AHA Portal To Connect Health-Care ProfessionalsAHA Portal To Connect Health-Care Professionals
The trade group is pushing the limits of integration by creating an information gateway for 4,400 institutions and 20 affiliates.
December 28, 2001
Companies often struggle with integrating internal computer systems and business operations. Such efforts to emulate the Three Musketeers--as in "all for one, and one for all"--often end up playing out more like the Three Stooges. With this backdrop, the American Hospital Association appears to be pushing the integration envelope by attempting to build a Web portal that health-care professionals in more than 4,400 institutions can use as a gateway to the trade group and its 20 affiliates.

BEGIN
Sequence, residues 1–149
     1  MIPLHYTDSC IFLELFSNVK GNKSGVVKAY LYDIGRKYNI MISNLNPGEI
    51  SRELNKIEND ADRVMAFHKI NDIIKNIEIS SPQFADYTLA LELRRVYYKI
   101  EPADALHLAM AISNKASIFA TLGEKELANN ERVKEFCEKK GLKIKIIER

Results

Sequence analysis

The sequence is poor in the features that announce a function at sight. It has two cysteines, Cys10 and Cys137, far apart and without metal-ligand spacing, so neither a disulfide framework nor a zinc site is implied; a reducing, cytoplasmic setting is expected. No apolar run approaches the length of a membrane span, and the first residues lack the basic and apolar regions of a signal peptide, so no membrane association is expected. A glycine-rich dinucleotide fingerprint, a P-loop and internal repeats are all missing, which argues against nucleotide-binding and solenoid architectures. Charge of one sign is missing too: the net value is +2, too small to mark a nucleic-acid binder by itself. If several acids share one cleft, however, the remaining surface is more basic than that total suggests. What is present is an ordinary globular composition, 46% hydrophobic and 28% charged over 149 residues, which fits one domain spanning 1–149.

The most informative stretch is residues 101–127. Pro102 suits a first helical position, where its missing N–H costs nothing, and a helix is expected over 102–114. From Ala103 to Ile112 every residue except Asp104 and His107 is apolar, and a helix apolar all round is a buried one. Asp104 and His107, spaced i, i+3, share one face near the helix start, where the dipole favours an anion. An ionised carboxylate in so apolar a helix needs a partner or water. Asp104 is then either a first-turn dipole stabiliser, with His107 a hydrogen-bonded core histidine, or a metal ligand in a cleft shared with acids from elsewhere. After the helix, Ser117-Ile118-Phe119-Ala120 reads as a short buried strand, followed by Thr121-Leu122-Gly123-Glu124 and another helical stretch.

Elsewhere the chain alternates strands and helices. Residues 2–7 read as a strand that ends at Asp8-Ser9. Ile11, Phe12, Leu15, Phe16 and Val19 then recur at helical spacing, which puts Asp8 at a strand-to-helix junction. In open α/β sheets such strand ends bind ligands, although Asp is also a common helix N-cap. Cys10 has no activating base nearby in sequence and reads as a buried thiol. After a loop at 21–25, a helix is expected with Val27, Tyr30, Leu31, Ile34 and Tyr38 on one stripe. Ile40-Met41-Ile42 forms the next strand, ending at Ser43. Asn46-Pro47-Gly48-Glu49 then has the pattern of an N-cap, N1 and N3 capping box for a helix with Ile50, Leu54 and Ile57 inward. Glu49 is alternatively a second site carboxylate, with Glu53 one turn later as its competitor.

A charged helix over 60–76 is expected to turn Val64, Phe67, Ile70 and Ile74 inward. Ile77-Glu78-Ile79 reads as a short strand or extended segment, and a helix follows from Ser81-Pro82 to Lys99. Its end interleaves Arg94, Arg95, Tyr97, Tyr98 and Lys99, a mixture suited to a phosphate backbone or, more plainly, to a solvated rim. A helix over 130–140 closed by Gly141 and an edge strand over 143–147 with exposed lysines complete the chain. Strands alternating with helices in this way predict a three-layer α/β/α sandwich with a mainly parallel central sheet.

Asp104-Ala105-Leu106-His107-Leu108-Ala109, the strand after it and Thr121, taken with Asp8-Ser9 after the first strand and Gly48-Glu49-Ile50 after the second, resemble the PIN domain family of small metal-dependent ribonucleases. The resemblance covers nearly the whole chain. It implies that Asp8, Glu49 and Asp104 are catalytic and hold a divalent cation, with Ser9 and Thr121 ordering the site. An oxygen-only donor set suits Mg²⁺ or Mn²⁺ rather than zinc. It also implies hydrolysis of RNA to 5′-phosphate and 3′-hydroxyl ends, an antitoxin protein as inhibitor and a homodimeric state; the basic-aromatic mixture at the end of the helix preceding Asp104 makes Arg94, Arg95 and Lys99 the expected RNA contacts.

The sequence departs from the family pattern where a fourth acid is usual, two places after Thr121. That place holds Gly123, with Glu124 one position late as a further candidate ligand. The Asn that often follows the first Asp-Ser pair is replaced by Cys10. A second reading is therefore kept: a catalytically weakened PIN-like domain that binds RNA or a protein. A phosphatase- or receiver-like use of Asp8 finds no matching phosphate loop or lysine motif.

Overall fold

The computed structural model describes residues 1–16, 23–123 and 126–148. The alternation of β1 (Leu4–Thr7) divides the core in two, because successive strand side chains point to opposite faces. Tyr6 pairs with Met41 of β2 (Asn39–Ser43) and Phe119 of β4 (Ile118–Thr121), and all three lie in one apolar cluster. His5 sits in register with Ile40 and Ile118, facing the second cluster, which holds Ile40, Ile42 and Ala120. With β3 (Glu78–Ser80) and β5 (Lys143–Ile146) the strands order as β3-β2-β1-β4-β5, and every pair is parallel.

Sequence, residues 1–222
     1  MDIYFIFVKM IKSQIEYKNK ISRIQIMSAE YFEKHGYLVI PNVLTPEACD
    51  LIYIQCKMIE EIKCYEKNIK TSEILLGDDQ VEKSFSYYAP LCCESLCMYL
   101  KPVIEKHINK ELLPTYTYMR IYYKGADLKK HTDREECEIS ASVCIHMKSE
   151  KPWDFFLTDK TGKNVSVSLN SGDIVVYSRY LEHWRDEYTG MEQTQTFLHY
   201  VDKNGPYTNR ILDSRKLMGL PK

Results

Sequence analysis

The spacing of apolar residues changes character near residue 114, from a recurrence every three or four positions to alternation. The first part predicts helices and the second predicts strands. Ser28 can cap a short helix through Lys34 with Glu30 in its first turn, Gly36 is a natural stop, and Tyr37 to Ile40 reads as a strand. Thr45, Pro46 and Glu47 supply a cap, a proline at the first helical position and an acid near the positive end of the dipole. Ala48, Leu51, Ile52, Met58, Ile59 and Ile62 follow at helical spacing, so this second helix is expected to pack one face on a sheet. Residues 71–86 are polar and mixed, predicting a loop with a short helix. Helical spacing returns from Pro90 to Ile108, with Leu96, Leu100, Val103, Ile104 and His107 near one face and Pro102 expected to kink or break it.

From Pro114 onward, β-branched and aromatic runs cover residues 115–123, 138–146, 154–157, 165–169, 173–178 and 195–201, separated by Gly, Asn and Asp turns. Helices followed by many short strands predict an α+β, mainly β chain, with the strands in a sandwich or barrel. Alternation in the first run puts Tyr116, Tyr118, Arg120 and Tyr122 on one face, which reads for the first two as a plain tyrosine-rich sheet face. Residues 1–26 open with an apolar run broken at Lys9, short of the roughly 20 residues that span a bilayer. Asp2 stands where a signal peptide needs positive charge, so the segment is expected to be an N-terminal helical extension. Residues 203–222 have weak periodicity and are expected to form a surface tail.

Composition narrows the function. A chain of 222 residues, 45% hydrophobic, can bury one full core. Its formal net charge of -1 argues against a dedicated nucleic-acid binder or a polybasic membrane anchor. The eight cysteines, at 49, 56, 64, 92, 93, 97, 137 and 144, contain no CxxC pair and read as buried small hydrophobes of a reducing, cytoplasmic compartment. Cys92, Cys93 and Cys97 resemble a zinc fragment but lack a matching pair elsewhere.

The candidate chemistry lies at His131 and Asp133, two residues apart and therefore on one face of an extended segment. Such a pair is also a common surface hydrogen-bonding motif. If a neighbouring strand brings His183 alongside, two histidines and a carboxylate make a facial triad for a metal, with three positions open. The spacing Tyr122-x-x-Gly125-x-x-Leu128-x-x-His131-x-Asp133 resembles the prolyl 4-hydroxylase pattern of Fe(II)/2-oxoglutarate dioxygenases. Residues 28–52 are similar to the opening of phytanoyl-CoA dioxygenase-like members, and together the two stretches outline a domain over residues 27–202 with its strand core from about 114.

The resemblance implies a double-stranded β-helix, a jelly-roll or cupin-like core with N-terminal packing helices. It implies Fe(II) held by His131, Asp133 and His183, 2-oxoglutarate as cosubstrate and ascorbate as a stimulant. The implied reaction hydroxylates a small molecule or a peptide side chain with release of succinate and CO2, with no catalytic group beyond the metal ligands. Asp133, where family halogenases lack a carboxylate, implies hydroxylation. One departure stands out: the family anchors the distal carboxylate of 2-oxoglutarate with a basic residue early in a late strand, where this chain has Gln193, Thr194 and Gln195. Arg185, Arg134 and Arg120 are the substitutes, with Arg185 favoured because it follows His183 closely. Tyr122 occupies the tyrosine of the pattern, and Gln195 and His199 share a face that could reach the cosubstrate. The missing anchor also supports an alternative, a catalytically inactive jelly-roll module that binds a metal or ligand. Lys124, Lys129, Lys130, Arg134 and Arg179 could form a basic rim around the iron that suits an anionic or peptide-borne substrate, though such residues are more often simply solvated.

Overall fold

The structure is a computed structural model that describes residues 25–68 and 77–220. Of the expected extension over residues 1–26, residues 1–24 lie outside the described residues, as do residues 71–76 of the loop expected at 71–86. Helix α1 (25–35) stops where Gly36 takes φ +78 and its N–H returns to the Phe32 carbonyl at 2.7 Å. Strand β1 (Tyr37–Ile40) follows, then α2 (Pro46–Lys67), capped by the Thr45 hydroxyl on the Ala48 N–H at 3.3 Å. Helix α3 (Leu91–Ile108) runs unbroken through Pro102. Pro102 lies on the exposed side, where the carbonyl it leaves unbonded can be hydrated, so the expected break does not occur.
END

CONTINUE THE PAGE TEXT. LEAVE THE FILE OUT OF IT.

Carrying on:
Qwest Communications International Inc. is leading the Hospital Leadership Portal project, with software and hardware from Sun Microsystems and the central database from Oracle. The AHA, which started the project about a year ago, hopes to launch the portal by the end of April. The enormity of the task has AHA workers believing they're breaking new ground in the use of the Internet by health-care organizations. "We're not quite sure how, but we all feel that we're building something that's going to make great changes in the marketplace," says Herman Baumann, the group's executive director of strategic development. The portal is expected to provide health-care professionals with faster, more efficient access to services and critical information. And already, AHA affiliates--which include professional organizations for nurses, doctors, and administrators--have built 37 Web sites, each with its own objectives, features, and look and feel. The strategy is to build the central portal with Sun's Java-based software and tools and host the system at Qwest's Chicago facility, which will also provide data networking and virtual private networking services. The affiliates' Web sites will tie into the portal, standardizing on the new data-centric platform, but keeping their own unique appearance and features. Web content will be stored in a single Oracle database, navigation buttons will be standard, all of the sites will share a common search engine, and proprietary information will be protected. "We're going to firewall data tables within the database, so organizations can't gain access to each other's data," Baumann says. "We also will have decentralized data management, so each organization can maintain its own tables." The portal will offer health-care professionals access to best practices, research, educational materials, regulatory information, and other critical data. Following the launch, the AHA hopes to eventually offer more than information, such as job and travel services. In choosing the vendors, the AHA wanted a system that could handle 15% annual growth in overall user traffic on its Web sites. In addition, the trade group liked the companies' contract terms, which allowed it to reduce costs by adding more groups and splitting the hosting and software license fees among participants, Baumann says. Costs would go up only after the AHA adds more servers. Baumann declined to give hard numbers, but he says the overall cost of the project was "several million dollars," which the association believes participants can recoup in the portal's first 12 months through more efficient Web operations.
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